Thanks to online players, 'Dungeons & Dragons' makes a comeback

Why the fantasy role-playing game is more accessible than ever

Dimension 20 combines D&D with high school.
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Vintage tabletop game Dungeons & Dragons isn’t fading into obscurity anytime soon.
 
Thanks to the game’s representation in shows like Community and Strangers Things, and the novelisation of several franchise stories, D&D has experienced a resurgence in popularity. According to Syfy, 2017 was the game’s most successful year since 1997. 
 
D&D, created in 1974, combines the best aspects of improv, fantasy storytelling, and gambling into one adventure-filled experience.
 
The game is often played in small groups. Each person creates a fantasy character who’s plunged into an imaginary journey created by the Dungeon Master, a player who orchestrates and narrates the quest’s events. Sets of dice dictate the consequences of your character’s actions, which can range from picking a lock to stabbing an enemy. If you roll higher than a certain threshold, you succeed; if you roll lower, you fail. 
 
In one game, you could take on the role of an elven princess, and in another, you could be a gnomish rogue. The possibilities of D&D are endless—the game is only limited by your imagination.
 
Thanks to the internet, new platforms for D&D have emerged. Through podcasts and videos, roleplaying fans can immerse themselves in campaigns without even playing.
 
Podcasts were the first venue for players to share their campaigns with the world. One of the most popular, The Adventure Zone, started in 2014 and features brothers Justin, Travis, and Griffin McElroy. Along with their father, Clint, the brothers narrate their various adventures in the game. The podcast has been so successful that it was adapted into a graphic novel last July.
 
Other notable podcasts include Critical Role, which features voice actors and occasional celebrity guests like Felicia Day and Joe Manganiello, and Dames and Dragons, an all-female campaign buoyed by humour and a mysterious storyline.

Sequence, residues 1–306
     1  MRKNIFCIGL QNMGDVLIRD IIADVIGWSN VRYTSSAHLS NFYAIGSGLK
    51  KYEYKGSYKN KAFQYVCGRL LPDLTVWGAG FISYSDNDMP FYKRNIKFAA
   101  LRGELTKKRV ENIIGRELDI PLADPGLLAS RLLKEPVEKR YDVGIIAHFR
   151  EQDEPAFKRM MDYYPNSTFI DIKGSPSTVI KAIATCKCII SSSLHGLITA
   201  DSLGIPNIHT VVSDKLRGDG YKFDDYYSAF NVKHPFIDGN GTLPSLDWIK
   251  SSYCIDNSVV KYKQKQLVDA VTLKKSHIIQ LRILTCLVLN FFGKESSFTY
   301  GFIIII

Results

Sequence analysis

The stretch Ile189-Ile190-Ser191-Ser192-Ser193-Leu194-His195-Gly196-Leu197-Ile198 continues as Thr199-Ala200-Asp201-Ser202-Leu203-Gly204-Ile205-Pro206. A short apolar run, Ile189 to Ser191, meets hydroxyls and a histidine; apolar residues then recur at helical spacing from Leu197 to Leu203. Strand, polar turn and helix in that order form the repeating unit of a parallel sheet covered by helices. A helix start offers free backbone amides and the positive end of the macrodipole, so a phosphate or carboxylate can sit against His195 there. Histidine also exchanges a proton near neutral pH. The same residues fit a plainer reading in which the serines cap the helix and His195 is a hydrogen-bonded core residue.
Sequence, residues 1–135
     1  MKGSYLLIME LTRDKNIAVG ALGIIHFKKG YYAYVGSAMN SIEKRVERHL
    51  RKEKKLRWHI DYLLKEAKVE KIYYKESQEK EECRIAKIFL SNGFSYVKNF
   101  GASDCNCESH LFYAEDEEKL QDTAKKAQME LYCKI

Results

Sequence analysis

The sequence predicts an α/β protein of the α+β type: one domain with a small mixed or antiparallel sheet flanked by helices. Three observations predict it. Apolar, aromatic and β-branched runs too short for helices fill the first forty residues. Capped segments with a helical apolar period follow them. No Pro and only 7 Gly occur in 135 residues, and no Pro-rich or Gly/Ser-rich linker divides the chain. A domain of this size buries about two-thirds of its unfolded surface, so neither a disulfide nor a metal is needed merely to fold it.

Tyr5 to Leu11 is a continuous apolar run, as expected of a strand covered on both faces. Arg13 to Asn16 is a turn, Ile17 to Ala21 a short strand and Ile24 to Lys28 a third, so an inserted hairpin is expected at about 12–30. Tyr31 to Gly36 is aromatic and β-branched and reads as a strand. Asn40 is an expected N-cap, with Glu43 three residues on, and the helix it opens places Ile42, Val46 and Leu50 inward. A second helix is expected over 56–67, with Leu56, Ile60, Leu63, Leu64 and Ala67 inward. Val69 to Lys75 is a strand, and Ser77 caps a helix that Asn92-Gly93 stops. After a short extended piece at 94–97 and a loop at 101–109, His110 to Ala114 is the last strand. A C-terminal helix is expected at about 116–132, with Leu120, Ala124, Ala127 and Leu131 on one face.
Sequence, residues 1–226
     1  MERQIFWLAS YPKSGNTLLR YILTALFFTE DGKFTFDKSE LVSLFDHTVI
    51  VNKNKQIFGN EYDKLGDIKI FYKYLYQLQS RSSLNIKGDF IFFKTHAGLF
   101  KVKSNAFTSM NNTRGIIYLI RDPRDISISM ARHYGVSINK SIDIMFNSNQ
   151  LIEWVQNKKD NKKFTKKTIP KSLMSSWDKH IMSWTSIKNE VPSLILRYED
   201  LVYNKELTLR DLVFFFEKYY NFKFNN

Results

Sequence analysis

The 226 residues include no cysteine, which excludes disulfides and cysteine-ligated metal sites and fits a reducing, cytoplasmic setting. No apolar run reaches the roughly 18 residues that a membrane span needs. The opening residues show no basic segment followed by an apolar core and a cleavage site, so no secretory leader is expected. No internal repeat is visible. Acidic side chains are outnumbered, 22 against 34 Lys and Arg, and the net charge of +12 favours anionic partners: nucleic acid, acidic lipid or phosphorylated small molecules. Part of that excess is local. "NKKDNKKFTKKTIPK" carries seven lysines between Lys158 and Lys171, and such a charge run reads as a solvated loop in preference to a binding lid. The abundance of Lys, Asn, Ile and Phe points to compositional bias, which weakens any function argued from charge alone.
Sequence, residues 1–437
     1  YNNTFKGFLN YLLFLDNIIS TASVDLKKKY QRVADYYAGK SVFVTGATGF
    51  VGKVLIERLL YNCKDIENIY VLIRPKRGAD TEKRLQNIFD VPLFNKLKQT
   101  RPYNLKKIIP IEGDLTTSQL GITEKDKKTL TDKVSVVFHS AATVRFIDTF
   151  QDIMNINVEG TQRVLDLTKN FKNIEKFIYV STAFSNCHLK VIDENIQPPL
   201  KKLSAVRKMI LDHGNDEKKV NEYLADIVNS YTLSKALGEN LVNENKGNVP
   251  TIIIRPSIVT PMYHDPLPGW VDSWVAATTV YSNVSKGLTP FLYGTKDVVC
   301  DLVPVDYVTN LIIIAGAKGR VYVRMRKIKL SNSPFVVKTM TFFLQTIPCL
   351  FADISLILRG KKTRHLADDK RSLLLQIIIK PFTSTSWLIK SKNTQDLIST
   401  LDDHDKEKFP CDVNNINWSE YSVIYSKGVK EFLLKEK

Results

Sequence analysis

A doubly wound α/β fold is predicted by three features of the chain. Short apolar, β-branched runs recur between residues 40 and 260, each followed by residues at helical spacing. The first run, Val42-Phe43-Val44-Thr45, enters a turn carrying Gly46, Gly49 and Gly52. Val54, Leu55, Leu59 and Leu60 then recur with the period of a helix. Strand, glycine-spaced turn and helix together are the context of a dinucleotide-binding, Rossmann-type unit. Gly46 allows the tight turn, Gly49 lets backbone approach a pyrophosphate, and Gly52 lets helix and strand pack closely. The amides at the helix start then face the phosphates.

The most ambitious D&D show I’ve had the pleasure of watching is CollegeHumor’s video-based campaign series, Dimension 20
 
Once known for its comedy skits about young adulthood, CollegeHumor recently rebranded by launching a paid platform called DROPOUT. The website hosts the skits fans love and also features comics, chat-based stories, and episode-length shows.
 
Watching Dimension 20 has been my favourite pastime since its first eight episodes were released for free on YouTube this past October. Hosted by Dungeon Master Brennan Lee-Mulligan, with a cast made up of improvisers and Collegehumor alumni, the show’s first season made me laugh, cry, and grit my teeth each episode.
 
The premise of the show’s inaugural season is relatively unique compared to other “high fantasy,” Tolkien-like campaigns. Instead of being set in a fantastical medieval realm, the show’s characters are high school students attending an “adventuring academy” for young quest-takers in a small, 1950s-inspired town.
 
The intrepid heroes contend with evil teachers, enchanted arcades, and annoying parents. The campaign has all the intrigue, excitement, and magic of a classic D&D campaign—with the added bonus of teenage romance and family drama. 
 
The light-hearted show is a great introduction to D&D, especially for players who aren’t familiar with the intricacies of fantasy storytelling.
 
Thanks to the cast’s background in improv, the story’s plot and dialogue have an impressive flow. Characters often generate funny one-liners or inspiring speeches on the fly; inside jokes follow the cast from the first episode to the last and make viewers feel like they’re part of the campaign.
 
High production value also adds to Dimension 20’s immersive experience. Each episode is filled with mood lighting, background music, and sound effects that enhance the viewer’s experience. In battles, specially-designed figures of the characters and detailed sets give visual representations of the fight’s progress.
 
I find podcasts and shows about D&D entertaining because they make the game accessible to beginners and people without an established campaign of their own. 
 
As a university student, I can’t devote a few hours a week to playing tabletop games in-person. Instead, I satisfy my love for the game by watching my favourite online personalities play together.
 
If you’ve never heard of D&D and are interested in learning more about the franchise, the internet’s the place to start. D&D-inspired media is scattered across the web, and it’s making the role-playing franchise more popular than ever.
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